A question that regularly crops up on our free legal helpline is, ‘Can an executor be removed before probate has been granted?’
If you are looking for solicitors who are experienced in dealing with executor disputes and removing executors from post then call our free legal helpline to discuss how we can help you and the funding options that are available.
The short answer is that it is possible to remove an executor before probate has been granted. A judge can remove (or to use the correct technical term, ‘pass over’ ) an executor prior to the Grant of Probate being issued.
The law specifies that this can be done in ‘special circumstances’ if it is ‘necessary or expedient’ to do so.
The court has a wide discretion and decisions will be taken on the basis of what is required for the proper and efficient administration of the estate.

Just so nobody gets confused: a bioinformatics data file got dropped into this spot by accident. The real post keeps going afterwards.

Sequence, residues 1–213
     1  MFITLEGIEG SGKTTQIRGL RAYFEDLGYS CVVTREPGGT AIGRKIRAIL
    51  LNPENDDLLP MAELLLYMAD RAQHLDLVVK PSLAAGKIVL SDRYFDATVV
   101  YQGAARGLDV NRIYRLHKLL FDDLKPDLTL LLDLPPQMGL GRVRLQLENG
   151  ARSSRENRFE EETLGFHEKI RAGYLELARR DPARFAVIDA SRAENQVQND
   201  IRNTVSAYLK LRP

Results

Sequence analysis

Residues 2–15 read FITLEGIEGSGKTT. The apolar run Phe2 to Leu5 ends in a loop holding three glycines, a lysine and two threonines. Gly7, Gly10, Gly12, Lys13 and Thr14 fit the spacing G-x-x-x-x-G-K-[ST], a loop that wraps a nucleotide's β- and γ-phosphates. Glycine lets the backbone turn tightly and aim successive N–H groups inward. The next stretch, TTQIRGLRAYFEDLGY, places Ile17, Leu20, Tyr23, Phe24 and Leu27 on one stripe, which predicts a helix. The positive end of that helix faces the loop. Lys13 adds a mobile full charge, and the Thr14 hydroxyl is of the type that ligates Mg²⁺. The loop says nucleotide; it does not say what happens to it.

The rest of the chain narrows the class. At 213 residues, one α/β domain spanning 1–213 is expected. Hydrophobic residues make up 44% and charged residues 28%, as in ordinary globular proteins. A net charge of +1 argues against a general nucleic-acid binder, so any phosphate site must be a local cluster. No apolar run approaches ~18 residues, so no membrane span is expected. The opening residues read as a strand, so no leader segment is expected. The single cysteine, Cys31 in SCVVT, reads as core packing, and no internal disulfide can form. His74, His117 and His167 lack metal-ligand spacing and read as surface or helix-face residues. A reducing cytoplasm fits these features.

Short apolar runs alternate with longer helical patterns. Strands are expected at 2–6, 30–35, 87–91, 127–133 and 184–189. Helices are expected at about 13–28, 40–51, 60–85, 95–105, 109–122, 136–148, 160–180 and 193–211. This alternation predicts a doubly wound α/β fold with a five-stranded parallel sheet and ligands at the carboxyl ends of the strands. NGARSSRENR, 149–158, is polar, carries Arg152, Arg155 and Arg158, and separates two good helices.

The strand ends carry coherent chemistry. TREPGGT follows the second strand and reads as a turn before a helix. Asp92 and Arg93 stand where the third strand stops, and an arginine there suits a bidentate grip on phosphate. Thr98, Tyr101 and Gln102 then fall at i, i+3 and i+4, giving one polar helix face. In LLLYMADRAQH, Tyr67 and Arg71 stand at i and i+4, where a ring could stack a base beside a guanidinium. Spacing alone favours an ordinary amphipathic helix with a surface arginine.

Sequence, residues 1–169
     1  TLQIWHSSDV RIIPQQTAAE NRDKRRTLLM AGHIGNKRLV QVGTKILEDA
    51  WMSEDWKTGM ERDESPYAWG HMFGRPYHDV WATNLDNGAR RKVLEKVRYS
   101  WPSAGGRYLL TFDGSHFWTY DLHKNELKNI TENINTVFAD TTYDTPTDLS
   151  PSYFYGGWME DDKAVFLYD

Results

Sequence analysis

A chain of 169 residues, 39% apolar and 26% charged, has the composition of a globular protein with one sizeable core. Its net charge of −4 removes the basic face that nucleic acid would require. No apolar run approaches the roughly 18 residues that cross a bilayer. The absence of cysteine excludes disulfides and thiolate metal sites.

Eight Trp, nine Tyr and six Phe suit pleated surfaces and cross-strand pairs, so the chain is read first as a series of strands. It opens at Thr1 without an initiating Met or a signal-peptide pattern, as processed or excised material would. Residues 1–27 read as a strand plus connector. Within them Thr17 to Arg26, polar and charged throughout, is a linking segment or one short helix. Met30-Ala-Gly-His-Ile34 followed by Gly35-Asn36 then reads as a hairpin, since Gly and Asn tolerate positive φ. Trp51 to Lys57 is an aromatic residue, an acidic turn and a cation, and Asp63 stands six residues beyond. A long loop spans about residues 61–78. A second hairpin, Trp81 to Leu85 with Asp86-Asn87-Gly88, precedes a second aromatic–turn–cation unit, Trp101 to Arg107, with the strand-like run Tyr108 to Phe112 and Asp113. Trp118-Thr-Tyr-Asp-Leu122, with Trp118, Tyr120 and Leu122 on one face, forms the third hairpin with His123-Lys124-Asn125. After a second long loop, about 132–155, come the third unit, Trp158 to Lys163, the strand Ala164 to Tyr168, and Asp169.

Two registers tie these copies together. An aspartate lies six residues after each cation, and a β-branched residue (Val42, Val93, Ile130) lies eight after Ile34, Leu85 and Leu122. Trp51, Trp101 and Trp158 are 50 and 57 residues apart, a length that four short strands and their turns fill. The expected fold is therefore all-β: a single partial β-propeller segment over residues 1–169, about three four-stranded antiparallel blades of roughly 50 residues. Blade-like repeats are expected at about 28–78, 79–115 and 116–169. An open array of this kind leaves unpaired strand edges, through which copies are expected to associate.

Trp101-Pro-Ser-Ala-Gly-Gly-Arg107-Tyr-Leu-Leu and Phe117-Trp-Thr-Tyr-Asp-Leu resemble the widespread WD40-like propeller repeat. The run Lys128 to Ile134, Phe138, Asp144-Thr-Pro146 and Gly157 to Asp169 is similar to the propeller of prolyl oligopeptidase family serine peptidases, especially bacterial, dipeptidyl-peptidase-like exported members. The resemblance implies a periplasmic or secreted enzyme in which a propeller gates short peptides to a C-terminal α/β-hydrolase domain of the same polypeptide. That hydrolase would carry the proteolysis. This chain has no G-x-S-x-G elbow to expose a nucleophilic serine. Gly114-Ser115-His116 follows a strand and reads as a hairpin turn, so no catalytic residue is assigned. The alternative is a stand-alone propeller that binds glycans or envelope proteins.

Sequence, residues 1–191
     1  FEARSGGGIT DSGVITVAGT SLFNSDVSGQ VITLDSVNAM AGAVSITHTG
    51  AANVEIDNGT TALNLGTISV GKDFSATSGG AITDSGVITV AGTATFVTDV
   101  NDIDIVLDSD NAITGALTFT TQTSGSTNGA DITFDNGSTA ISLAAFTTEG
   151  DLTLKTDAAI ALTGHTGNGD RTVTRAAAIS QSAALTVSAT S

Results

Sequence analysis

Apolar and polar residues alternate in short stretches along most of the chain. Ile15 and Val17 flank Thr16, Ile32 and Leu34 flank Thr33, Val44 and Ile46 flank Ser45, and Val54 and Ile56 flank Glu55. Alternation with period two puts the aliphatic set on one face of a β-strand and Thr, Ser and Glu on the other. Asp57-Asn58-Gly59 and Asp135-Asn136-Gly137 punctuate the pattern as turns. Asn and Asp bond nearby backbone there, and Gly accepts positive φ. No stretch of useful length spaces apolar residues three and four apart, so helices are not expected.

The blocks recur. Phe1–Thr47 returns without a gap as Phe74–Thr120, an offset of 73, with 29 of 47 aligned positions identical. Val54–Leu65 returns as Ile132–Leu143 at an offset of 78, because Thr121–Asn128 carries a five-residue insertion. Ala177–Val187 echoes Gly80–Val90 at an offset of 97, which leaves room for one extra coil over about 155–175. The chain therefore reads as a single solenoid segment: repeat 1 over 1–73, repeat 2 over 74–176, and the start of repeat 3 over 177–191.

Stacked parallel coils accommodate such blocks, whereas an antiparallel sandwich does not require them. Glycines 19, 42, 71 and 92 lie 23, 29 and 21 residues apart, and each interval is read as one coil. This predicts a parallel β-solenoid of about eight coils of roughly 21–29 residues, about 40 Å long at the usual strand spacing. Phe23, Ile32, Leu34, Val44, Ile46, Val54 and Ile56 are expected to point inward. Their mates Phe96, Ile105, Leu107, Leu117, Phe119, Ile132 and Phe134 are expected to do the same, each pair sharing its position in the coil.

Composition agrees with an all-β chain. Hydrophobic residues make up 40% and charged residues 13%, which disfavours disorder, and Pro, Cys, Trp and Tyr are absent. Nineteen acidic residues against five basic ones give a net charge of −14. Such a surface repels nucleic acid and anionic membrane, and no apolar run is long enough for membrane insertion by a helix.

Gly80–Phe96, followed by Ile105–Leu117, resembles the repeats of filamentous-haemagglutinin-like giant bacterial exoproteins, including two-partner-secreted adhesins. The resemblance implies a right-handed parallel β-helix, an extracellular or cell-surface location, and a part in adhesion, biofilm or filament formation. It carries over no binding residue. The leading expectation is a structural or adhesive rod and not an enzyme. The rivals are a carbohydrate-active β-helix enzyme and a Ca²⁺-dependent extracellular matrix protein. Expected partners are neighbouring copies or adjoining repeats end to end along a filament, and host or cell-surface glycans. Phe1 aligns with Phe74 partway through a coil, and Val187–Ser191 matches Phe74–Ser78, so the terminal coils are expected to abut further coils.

For an order to be made there is no need to discredit the executor.
Consideration will be given to any breakdown in the relationship between those involved, with decisions commonly being based on what is in the beneficiaries’ best interests.
Where an application to the court is made under section 116 of the Senior Courts Act 1981 details of any conflict of interest or delay by the executor should be given as these factors are likley to be relevant when a decision is made.
One word of warning. S116 applications should not be made lightly. The court will need to be convinced of the merits of the case before passing over an executor who has been specifically named in a will by the testator. A failed attempt at removal is likely to land the applicant with a hefty costs bill, so efforts should therefore be made to resolve disputes out of court. Only if this proves impossible should court proceedings generally be considered.
We specialise in contested probate disputes and are expereienced in executor removal cases, having represented both executors resisting removal and applicants seeking an executor’s removal.